From theoretical point of view, American foreign policy makers may be identified as being realists, not all structural realists, but nevertheless majority of them seems to share realist assumptions. Economic and military capabilities translate into power in its material definition, and practical realists (decision makers) comprehend power as an integral whole, not divided into components. Moreover, to these policymakers the power available for the use of foreign policy purposes is relative to that power or capabilities of other countries. According to the central arguments of structural realism (Kenneth Waltz), power is a material factor and its distribution defines the structure of the international system.
Although it is normal to presume, based on the Westphalian system, that the sovereign states can act unilaterally, especially the great powers, the US seems to “misuse” this right according to many scholars and researchers stating some examples:
- the US refused to continue anti-ballistic missile treaty (ABM Treaty), withdrew from the treaty, leading to its termination in 2002 and in 2018 also withdrew from INF-treaty (Intermediate-Range Nuclear Forces Treaty)
- numerous cases of imposed tariffs and various economic sanctions in violation of global free trade agreements
- attack against Iraq without permission from the UNSC, nowadays similar operations are more rules that exceptions
- numerous covered regime change operations, usually orchestrated by CIA
- excused itself from following the Geneva Convention in its treatment of certain prisoners taken in Afghanistan (Guantanamo prison case is still finally unsolved in 2018)
- negative actions against international climate agreements, the UN and its family organizations, WTO, ICC etc.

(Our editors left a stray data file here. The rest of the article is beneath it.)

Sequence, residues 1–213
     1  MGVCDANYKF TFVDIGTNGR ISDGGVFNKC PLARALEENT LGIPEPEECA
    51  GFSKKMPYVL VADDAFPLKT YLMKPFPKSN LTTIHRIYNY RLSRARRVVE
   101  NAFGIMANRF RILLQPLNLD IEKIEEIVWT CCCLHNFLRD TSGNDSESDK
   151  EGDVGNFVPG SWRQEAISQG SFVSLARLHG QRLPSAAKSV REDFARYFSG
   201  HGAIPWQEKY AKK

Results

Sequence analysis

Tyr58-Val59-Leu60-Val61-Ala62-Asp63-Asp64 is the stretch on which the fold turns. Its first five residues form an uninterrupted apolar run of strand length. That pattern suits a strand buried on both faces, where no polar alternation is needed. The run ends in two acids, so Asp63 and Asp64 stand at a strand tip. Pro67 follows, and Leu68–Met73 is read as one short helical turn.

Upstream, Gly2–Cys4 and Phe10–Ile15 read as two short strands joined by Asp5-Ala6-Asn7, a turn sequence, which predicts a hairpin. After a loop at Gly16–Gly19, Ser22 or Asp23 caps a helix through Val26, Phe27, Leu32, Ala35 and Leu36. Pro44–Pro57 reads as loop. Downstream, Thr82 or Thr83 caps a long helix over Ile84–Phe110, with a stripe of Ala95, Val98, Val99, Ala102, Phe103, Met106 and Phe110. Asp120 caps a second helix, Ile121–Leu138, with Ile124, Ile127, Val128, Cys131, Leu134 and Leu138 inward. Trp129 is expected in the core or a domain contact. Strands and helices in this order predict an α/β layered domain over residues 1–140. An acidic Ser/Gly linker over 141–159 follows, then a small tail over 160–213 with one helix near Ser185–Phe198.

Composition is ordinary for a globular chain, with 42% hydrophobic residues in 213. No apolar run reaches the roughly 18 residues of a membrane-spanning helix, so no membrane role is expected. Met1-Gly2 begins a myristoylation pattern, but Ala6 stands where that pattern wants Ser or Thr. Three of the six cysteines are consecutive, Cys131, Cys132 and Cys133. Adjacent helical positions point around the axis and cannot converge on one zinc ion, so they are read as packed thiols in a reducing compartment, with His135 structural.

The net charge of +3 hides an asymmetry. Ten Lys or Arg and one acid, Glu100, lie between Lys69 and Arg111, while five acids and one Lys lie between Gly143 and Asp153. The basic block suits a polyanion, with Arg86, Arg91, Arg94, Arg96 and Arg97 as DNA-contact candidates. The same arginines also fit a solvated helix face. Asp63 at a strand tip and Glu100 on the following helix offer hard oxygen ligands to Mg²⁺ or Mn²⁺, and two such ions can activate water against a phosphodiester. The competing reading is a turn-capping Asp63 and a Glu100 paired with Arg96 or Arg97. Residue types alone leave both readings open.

The American security culture has been the combination of two major concepts: internal and external security and military might (power and influence) and their background is essentially on the applied Westphalian system with respect to American national interests, American sovereignty and inviolability of borders, American power politics and alliance making.
The incumbent president and his administration have published regularly the report National Security Strategy (NSS) during their presidency.
The summary of these reports is presented here below:
President Georg HW Bush (1989-1993), reports 1991 and 1993
- four major threats to the US
- nuclear proliferation stemming from unsecured nuclear materials in the former Soviet Union
- terrorism, general
- narcotics and organized crime
- undefined challenge to American military-strategic dominance
President Bill Clinton (1993-2001), reports 1995 and 1998
- each report identified a relatively stable set of security threats
- state-specific threats: Iran, Iraq, North Korea, and other rogue state’s acquisition of nuclear weapons or other weapons of mass destruction (wmd)
- proliferation threat of nuclear material and missile technology from Russia
- terrorism, specific reference to al-Qaeda
- some new security threats: cyber-vandalism and information warfare, environmental degradation, public health epidemics and narcotic trafficking
President George W Bush (2001-2009), reports 2002 and 2006
- both reports focused on
- “War on Terror”: Islamic terrorist groups and their acquisition of chemical, biological, radiological and nuclear devices
- “Axis of Evil”: Iran, Iraq and North Korea and their acquisition of weapons of mass destruction (wmd)
President Barack Obama (2009-2017), reports 2010 and 2015
- Obama’s first strategy report 2010 deviates significantly from its predecessors both by its contents and by its spirit and style. However, behind this “world embracing” approach, there was a hard power politics seen on the base, with increasing financing and investments in national military and homeland security budgets
- America’s commitment to democracy, human rights, and the rule of law are essential sources of our strength and influence in the world.
- strategy recognizes fundamental connection between national security and moral issues, international cooperation, need to reduce nuclear arsenal and sustaining American leadership
- terrorism is still one of main threats
- promoting a just international order where diplomacy is as fundamental to national security as defense capability